These intimate restaurants have a warm ambiance and Parisian-approved cuisine
by Elizabeth Quinn Brown | May 10, 2018 11:00 am
Café de Flore and Les Deux Magots are famous, sure. But, there are more authentic choices for those who want a taste of Parisian culture—and a taste of Parisian cuisine. Ones where the ambiance is as fashionable and French as the soupe à l’oignon gratinée. These are the charmed bistrots that Ernest Hemingway would have chosen in 2018:
1. CHEZ JANOU: There are about 80 pastises (the alcoholic, anise-flavored drink) at Chez Janou—which bustles with character in Paris’s Le Marais neighborhood. The fare is fish-focused, featuring a moules gratinées à la Provençal (paired with crusted bread) and a gambas flambées au pastis. But, the sweetest course is the “bottomless” chocolate mousse.
2. L’AMI LOUIS: An intimate restaurant with a dark-wood exterior and checkered curtains, L’Ami Louis is an invitation to 1930s-era Paris. The exclusive scene is home to celebs and “it” Brits, who choose this establishment at 32, rue du Vertbois in Paris’s 3ème arrondissement for its charm and delicious foie gras des landes (which costs a decadent 60 euros).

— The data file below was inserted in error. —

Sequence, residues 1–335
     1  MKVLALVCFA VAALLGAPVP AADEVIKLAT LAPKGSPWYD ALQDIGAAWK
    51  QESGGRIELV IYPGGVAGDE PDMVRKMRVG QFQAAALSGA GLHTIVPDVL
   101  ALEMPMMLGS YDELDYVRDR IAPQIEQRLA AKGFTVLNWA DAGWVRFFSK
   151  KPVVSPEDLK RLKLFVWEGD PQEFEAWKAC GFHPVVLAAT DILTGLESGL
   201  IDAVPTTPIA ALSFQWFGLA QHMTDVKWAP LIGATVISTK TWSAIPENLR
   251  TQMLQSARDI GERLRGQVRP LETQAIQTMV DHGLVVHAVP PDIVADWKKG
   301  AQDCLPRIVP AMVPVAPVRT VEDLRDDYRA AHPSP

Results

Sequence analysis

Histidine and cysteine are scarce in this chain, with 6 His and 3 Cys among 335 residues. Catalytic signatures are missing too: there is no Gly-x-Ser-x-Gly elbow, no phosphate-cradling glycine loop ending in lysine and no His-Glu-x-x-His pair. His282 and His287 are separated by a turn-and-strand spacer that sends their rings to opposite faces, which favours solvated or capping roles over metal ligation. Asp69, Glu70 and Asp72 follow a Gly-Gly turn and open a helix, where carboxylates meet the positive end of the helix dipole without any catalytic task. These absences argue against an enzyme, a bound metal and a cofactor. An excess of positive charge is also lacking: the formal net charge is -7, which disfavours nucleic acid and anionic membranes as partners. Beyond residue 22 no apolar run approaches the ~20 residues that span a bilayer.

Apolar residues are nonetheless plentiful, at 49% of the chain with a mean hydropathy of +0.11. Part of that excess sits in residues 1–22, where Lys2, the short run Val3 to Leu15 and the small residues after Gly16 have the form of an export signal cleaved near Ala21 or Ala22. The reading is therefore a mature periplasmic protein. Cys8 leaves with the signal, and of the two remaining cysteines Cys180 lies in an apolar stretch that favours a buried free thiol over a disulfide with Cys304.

3. LA FONTAINE DE MARS: This historic restaurant has, since 1908, embraced the cuisine of France’s Sud-Oeust at 129, rue Saint-Dominque in Paris’s 7ème arrondissement (about a five-minute walk from the iconic Eiffel Tower). La Fontaine de Mars’ customers—who have included Barack and Michelle Obama—are there for the classics, which include a seared foie gras with a 2008 Cyprès de Climens sauternes.
4. LE VOLTAIRE: Le Voltaire decorates the River Seine’s southern bank and serves as a chic establishment catering to the fashionable, including Sofia Coppola and Anna Wintour. The scenic terrace is a first-row seat to Paris’s 7ème arrondissement with views of the Musée de Louvre. Here, customers can watch the excitement of the city with a cocktail and an order of the old-fashioned deviled eggs.
5. LES TEMPS DES CERISES: This corner boîte, which is situated nearby Paris’s Place de la Bastille, was named for Jean-Baptiste Clément’s “Les Temps Des Cerises” (1866)—a famous chanson from the “Paris Commune” era. Les Temps Des Cerises’s mosaic-decorated exterior offers a small menu that features a soupe à l’oignon gratinée and escargots.
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